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Unformatted text preview: Tuberculosis Page 1 Tuberculosis Some History Ancient Times • Signs of Spinal and Skeletal Tuberculosis can be detected in Neolithic Burial Sites and in Egyptian Mummies Greeks • Greek Physicians were familiar with both the Symptoms and the Transmissibility of what they called Phthisis (G= wasting away) - Galen guessed that the Stuff being coughed-up was necrotic Lung Tissue (G= dead) • Recommended that Patients with Phthisis take lots of Rest in a dry, elevated Location This was a Good Idea. • Recommended that Patients with Phthisis drink lots of Milk This was a Bad Idea. Raw Milk was a major Mode of Transmission. Middle Ages It is extremely difficult to track Tuberculosis through Historical Records since any Disease involving Coughing was classified as Phthisis. The Romantic Age (Late 1700s-Early 1800s) The Intellectual Elite had Tuberculosis, including Simon Bolivar, Elizabeth Barret Browning, Emily Bronte, Anton Checkov, Frederic Chopin, Fyodor Dostoyevski, Ralph Waldo Emerson, Johann Goethe, John Keats, Jean Moliere. Niccolo Paganini, Edgar Allen Poe, Sir Walter Scott, Robert Lewis Stevenson, Baruch Spinoza and François Voltaire. Any Woman who was Anyone had Tuberculosis so Alabaster Skin and fever-flushed Cheeks of the Tuberculosis Patient came into vogue, as did Weak and Dependent Behavior. (This isn ʼ t as inane as you might think. Dior has a Line of Perfumes named “Addict”.) Tuberculosis was used to enlist Sympathy for Literary or Stage Characters and created an Esthetic and Poetic (or simply easy) Exit, in much the same Way that Modern Soap Operas enlist AIDS. The boisterous, party-hearty Female Stereotype popular in Europe from The Middle Ages through the French Revolution was replaced by this Sick Female Stereotype. 1839 • A Swiss Physician renamed Phthisis “Tuberculosis” Tuberculosis Page 2 The Industrial Age Industrialization resulted in massive Shifts of Populations from Rural Areas to crowded Urban Areas throughout Europe, and Immigration from Europe to the US resulted in equivalent Crowding in US Urban Areas. These newly Arrived Workers were considered Low Class and Vulgar, and since Tuberculosis rapidly became Endemic in Urban Slums, all Romantic Notions about the Disease were quickly replaced by the stark Reality of seeing Workers coughing-up Blood and dead Lung Tissue. In 1873 Dr. Edward Trudeau of New York City was diagnosed with Tuberculosis. Trudeau took Time off near Saranac Lake in The Adirondacks where had enjoyed hunting for some Time. To his Surprise, he recovered. He returned to The City and Relapsed. So back to Saranac Lake, where he again Recovered. Trudeau came to believe that Sunlight, Fresh Air and Healthy Living prevented Tuberculosis....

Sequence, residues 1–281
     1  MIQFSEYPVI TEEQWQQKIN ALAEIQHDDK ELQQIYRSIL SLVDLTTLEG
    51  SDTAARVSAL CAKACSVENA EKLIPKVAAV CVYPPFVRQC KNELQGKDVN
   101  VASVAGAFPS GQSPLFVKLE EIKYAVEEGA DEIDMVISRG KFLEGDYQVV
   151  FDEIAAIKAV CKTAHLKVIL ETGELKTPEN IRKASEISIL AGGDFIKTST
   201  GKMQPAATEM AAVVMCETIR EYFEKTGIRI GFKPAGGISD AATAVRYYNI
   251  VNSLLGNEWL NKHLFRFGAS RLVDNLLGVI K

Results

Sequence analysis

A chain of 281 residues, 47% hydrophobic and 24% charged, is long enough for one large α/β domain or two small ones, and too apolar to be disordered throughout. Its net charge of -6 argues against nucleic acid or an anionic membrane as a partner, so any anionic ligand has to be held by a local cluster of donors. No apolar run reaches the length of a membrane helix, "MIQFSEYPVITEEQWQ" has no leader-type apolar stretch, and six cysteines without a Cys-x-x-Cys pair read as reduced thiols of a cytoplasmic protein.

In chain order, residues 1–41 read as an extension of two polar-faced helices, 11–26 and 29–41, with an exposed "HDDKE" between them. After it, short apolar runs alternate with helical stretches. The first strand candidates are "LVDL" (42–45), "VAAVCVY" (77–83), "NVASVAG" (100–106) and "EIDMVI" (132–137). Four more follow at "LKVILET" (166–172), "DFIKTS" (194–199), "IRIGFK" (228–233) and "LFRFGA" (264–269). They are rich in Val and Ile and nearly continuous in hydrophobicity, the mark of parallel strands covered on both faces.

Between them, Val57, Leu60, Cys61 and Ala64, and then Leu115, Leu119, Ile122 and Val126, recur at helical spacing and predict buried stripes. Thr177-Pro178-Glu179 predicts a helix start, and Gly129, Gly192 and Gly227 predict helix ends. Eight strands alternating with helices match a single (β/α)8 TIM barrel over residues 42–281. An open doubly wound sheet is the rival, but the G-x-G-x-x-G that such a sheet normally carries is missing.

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This note was uploaded on 08/23/2011 for the course MIC 101 taught by Professor Mann during the Spring '09 term at UC Davis.
- Spring '09